Sales Prospecting Perspectives is pleased to bring you a guest post from John Jantsch, a marketing consultant, speaker, and the acclaimed author of several bestselling books. This post is an excerpt of his most recent book, Duct Tape Selling: Think Like A Marketer.
The following questions are useful to have ready in every sales situation. The right question, posed at the right time, can demonstrate you truly understand the challenge, get a sales presentation back on track or simply allow you to check in on how a prospect is feeling.
Can we get specific?: One of the most important things you can do is to figure out what a client really wants to know when they ask you a question. Many times they don’t know how to be specific. So they might say, “Tell me about your products” when they really want to know if you test your products against a specific defect that they discovered in their current supplier’s product.
Be prepared to redirect a broad line of questioning for more detail. Ask “Can we get specific? Is there anything particular you would like to know about our products?” You can always move off of this stance, but more times than not, the person you’re questioning will answer in a way that helps you understand what’s going on in their worldview.
Is there a specific question?: Have you ever had a prospect ramble on about what’s wrong with everything in their company and perhaps the world as a whole, only to then stop and ask you to solve it? The challenge with trying to sell into this situation is that it’s a lot like trying to wade through a pond without any idea how deep the water is. Try flipping the script back to the prospect or client, by posing a question like “What specifically would you like me to address?” It’s the only way you’re going to get them to focus on the matter at hand. Instead of trying to frame your answer to respond to a giant problem, ask them to break it down for you.
Why is that a problem?: Again, many times people will tell you all about what they perceive as problems without shedding any light on what it’s costing them or why they want to solve it. Your job is see if they can articulate the situation for you. If they aren’t motivated by this question, or can’t answer it clearly, they won’t be motivated or ready to solve it either.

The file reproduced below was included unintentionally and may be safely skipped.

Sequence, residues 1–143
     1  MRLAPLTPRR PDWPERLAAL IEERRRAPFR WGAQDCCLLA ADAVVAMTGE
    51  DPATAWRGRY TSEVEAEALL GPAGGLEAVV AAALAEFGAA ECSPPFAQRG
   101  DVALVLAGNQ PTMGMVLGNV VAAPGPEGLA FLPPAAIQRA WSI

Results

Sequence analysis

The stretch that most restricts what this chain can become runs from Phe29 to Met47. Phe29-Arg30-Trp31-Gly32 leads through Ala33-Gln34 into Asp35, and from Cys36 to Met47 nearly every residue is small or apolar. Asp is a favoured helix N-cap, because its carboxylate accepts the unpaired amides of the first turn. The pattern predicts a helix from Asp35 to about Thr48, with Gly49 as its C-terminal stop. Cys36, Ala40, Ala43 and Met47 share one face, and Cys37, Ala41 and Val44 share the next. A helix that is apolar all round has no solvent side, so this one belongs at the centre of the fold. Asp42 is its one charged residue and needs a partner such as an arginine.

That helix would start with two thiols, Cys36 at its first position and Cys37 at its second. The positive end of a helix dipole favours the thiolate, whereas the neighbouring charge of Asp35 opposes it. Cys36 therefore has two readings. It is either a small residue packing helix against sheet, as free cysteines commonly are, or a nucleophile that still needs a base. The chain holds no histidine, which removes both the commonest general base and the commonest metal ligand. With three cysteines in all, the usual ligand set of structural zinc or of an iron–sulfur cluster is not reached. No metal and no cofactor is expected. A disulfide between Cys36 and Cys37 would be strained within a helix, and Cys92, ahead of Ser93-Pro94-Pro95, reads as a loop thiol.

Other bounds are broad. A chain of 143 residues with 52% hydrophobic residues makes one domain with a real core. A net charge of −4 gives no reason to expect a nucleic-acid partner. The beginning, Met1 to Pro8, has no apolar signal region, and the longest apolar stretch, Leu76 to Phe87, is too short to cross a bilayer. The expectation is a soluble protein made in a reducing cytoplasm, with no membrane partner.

What does that mean?: The moment your prospect starts throwing around clichés and industry buzzwords, call them out by asking them to explain that jargon in layman’s terms. If they’re using “synergy” for example, ask them “What would synergy look like in this case?” This will force the client or prospect to clarify their understanding of their language and actually link it to their own business. Further, if you truly don’t understand something a prospect is explaining, ask them to go deeper. Most people actually love to explain what they do and you’ll look good for listening closely enough to actually know when to ask those questions.
How do you measure success?: Often a salesperson is out selling a product or solution on the basis that its good for the prospect, without knowing how the prospect is measuring what’s good for them. When you understand what a buyer’s objectives are and how they are measured, you can frame your value in those terms. This is a tricky one as sometimes it’s not that obvious. Many times, a buyer is mostly concerned with the things that show up on their annual review and you’ll benefit from understanding that.
Let’s say your software can save front line folks over 40 minutes a day and you know that could add up to substantial savings on labor costs. But your prospect isn’t that worried about labor cost savings because his big goal this year is to increase employee satisfaction. Do you think that might be useful to know?
What is the purchasing process in your organization?: Probably the most important line of questioning in many situations centers on the buying process. Your prospect may not have the ability to reveal all of the layers and hoops, but you better understand what their role is as a buyer, especially if they are part of a larger organization.
How does that make you feel?: If you get your prospects to reveal how they feel about a problem or potential opportunity, you then hold a measure of emotional control in a sales situation. At the very least, this question will give you a gauge on the importance of the situation. If they don’t seem to be too concerned with a solution, they may not be as far along in the buying process, for example. If they react strongly—with anger, or fear—to a certain problem, however, that’s a clear sign that your value will come in helping them figure out a useful solution and quickly.
What would you do if this were solved?: Problems and challenges take people away from the things they are much more excited about. Figuring out what a potential buyer would rather do than solve a given problem gives you some insight into what’s important to them.
What did we agree to today?: Always reconfirm commitments of any kind at the end of every meeting. Will you be scheduling a new meeting with them, or sending over a proposal based on today’s conversation? If you agree to send a proposal, do some initial factfinding or forward some research as soon as you get back to the office. Of course you’ll want to restate any commitment the prospect makes as well.
You won’t use all of these questions all of the time, but you need to have them ready for the changing situations you find yourself in. Great questioning skills and the ability to interpret the answers you hear is one of the core differentiators that top sales guides possess over others.
Start with one or two questions that help you get started in almost every situation. Play with them, get comfortable, and then add some more.
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